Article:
The Centers for Disease Control and Prevention have introduced the nation's first surveillance system to track adverse events in patients who receive blood transfusions, and the Atlanta-based agency is encouraging healthcare facilities to enroll in the new network.
Part of the CDC's National Healthcare Safety Network, the new Hemovigilance Module is an Internet-based surveillance system that allows healthcare-associated infection data to be tracked and analyzed so the CDC and healthcare facilities can maximize prevention efforts. The CDC developed the system with AABB, an international association that represents people and institutions involved in activities related to transfusion and cellular therapies, including transplantation medicine.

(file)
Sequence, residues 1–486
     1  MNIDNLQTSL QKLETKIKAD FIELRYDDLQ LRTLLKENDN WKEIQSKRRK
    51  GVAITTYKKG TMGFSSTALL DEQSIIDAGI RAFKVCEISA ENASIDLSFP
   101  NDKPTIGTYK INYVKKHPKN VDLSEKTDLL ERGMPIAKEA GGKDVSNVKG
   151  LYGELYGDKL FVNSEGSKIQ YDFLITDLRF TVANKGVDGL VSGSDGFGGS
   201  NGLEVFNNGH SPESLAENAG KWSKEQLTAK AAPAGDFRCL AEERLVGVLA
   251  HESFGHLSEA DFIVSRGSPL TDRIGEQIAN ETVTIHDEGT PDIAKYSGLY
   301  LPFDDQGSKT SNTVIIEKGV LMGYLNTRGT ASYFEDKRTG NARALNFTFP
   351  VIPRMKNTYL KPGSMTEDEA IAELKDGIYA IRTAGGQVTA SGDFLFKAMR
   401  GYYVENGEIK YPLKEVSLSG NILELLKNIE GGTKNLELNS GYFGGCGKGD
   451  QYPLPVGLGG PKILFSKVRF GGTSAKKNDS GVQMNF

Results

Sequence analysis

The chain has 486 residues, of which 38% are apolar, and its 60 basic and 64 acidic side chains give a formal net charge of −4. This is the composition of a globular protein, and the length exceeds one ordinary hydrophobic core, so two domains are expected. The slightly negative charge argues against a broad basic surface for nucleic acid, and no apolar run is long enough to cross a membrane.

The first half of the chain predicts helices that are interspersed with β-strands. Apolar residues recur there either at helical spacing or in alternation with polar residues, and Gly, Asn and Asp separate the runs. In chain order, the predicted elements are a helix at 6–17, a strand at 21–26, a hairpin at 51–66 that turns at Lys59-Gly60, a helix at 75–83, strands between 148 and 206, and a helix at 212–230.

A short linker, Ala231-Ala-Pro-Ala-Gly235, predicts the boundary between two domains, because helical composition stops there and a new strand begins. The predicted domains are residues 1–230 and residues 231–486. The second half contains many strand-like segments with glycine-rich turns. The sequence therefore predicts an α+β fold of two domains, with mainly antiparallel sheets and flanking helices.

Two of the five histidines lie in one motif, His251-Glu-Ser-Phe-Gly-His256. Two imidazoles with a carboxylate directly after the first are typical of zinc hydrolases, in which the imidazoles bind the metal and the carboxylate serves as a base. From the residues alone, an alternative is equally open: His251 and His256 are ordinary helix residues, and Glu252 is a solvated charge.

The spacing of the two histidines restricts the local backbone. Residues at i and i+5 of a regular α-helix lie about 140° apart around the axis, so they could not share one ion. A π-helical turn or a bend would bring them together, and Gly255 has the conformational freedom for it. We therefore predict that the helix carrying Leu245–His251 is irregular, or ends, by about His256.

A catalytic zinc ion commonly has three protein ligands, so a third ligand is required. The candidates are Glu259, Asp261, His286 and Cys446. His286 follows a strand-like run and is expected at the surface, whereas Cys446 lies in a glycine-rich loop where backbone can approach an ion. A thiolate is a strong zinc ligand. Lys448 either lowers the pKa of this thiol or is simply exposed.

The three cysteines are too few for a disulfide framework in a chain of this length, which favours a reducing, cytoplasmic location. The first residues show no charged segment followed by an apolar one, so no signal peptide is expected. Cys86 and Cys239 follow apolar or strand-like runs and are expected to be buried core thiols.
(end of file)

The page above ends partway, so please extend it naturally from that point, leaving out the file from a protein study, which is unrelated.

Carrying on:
“Healthcare facilities that join the Hemovigilance Module will now have a yardstick by which to measure their current safety initiatives and their future efforts,” said Dan Pollock, chief of the branch that leads the agency's National Healthcare Safety Network, in a news release. “Through this system, healthcare facilities can also see how their performance stacks up to similar facilities nationwide, with a goal of designing the best processes to protect patients' health and reduce healthcare costs.”
The CDC said it will provide the module at no cost to healthcare facilities, and will also provide training and ongoing user support at no charge to hospitals.